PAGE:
Fig. 2

Carboxysomes are spatially organized in vivo. (A) RbcL-YFP (green) expression shows organized carboxysomes. Thylakoid membrane fluorescence is shown in red. (B) Average number of carboxysomes per cell. (C) Pairwise distance between carboxysomes in cells with four carboxysomes. (D) Carboxysome spacing is proportional to cell length. (E) Same as (C) except carboxysome distances were normalized for cell length.

The diffusive dynamics of individual carboxysomes over time was constrained (Fig. 3A). Carboxysomes (n = 350) had an average diffusion coefficient D of 4.58 × 10−5 ± 4.50 × 10−5 μm2/s (Fig. 3A). Using cytoplasmic parameters (12) and a mean particle radius of 50 nm, we estimate a theoretical value of D = 3.85 × 10−1 μm2/s, four orders of magnitude greater than the observed. The measured value of D suggests that a carboxysome will diffuse an average distance r = [4 × 4.58 × 10−5 μm2/s × 64,800 s]1/2 = 3.45 μm during the cell cycle. Considering the displacement occurring from cell growth, the carboxysomes do not appear to be diffusing randomly.

Fig. 3

Carboxysomes are organized by the cytoskeleton. (A) Diffusion of four tracked carboxysomes. Trajectories were used to compute D in the two-dimensional diffusion equation <r2> = 4Dt, where t is time. (B) RbcL-CFP (green) in mreB-deficient cells showing spherical cells and loss of carboxysome spatial organization. Thylakoid membrane fluorescence is shown in red. (C) RbcL-CFP (green) in ∆parA cells showing the loss of carboxysome spatial organization with no change in morphology. (D) Fluorescence image of ParA-GFP overlaid onto phase-microscopy image of cells showing the filament-like nature of ParA. Image is the deconvolved middle focal plane of a z stack. (E) Kymograph of the oscillatory behavior of ParA-GFP showing polymer dynamics. (F) ParA oscillation in relation to carboxysomes. Arrows denote increased ParA-GFP (green) between carboxysomes (RbcL-CFP, red). Scale bars, 2 μm.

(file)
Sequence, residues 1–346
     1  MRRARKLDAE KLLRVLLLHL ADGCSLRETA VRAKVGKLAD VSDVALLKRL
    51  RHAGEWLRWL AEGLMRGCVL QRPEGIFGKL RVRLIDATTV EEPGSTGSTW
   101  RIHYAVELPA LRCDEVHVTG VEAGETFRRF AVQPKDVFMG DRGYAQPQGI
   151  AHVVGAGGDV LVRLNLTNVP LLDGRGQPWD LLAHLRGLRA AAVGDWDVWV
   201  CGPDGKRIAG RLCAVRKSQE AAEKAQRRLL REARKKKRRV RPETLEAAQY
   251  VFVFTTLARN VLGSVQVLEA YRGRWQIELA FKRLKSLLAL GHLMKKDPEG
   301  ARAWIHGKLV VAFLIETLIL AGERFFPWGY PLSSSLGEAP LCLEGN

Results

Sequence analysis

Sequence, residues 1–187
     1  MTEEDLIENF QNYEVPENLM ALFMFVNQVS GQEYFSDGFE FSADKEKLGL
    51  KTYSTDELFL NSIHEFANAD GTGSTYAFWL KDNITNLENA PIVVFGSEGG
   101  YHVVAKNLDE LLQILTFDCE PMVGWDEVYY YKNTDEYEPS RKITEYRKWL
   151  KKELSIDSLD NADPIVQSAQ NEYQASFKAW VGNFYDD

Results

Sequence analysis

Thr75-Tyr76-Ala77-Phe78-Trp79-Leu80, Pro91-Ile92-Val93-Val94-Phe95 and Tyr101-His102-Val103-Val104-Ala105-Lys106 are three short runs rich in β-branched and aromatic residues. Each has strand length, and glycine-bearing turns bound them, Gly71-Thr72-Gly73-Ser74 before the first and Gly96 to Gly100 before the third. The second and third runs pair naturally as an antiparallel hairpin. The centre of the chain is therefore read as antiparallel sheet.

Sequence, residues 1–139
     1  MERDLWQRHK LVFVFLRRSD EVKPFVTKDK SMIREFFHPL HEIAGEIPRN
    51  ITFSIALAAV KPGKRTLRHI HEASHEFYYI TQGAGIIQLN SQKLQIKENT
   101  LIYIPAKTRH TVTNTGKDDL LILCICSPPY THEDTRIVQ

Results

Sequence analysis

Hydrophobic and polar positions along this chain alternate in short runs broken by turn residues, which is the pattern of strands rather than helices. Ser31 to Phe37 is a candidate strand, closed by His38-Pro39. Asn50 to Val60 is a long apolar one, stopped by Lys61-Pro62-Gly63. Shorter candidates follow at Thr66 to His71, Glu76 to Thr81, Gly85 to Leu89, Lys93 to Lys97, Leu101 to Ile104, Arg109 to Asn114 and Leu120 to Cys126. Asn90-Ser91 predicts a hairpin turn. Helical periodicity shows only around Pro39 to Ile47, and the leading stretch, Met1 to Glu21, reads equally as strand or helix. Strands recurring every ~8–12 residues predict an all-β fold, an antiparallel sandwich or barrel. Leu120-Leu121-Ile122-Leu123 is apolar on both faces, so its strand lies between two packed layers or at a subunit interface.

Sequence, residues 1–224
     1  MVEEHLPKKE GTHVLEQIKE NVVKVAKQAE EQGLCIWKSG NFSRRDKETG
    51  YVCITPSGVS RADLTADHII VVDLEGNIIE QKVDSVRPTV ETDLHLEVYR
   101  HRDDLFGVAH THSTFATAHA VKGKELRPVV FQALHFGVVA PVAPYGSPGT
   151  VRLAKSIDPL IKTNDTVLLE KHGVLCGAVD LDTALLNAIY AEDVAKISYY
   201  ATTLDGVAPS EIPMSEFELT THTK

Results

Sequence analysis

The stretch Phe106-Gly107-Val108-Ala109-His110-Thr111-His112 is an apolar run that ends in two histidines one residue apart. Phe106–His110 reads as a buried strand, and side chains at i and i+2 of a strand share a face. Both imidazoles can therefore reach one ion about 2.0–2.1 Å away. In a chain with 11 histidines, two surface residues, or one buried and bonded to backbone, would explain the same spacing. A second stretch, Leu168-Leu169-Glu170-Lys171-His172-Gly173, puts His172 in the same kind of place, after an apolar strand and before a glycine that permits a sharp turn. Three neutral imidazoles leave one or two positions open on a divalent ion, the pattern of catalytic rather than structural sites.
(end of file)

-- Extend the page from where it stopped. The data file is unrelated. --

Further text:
Carboxysomes are known to associate with cellular structures, including unidentified filaments (1, 13, 14). Deletions of the five (mreB, ftsZ, minD, and two parA-like genes) annotated cytoskeletal genes present in the Synechococcus genome were constructed (11). Mutations in mreB and the parA-like gene Synpcc7942_1833 (hereafter, parA) disrupted carboxysome organization (Fig. 3, B and C). As deletion of mreB was pleiotropic, we investigated parA (15).

Deletion of parA showed disruption of carboxysome order with no perturbation of cellular morphology (Fig. 3C). ParA-GFP formed filament-like structures at one pole (Fig. 3D), that depolymerized and reassembled at the opposite pole in an oscillatory manner (period of 33.3 ± 10.6 min, n = 25) consistent with other ParA proteins (16) (Fig. 3E and movie S1). During oscillations, the filament frequently (68%, n = 40) hesitated or left a trail of condensed polymer behind the ParA wavefront. In the latter case, the polymer dissipated but reappeared in the same location after another oscillation. This condensed polymer was found between carboxysomes, which suggested that ParA mediates the connections between adjacent carboxysomes (Fig. 3F; and movie S2).

Carboxysomes are essential for carbon fixation, so their organization may function to ensure even segregation during cell division. Synechococcus were entrained using a diurnal cycle of light, such that cells divided in synchrony. Single cells were tracked by using phase-contrast microscopy, and fluorescent images of labeled carboxysomes were acquired over several cell cycles. Each daughter cell consistently received an equal number of carboxysomes during division (Fig. 4A). Cytoplasmic proteins are thought to partition randomly (17), but segregation of carboxysomes was highly nonrandom (Pearson’s chi-square test, P = 3.9 × 10−11). Because of the loss of equal spacing, resolving individual carboxysomes was not possible; instead, we quantified the intensity of carboxysomes partitioning to daughter cells. The parA deletion strain exhibited much lower fidelity in partitioning carboxysomes than did wild-type cells (two-tailed Kolmogorov-Smirnov test, P = 4.4 × 10−6) (Fig. 4B).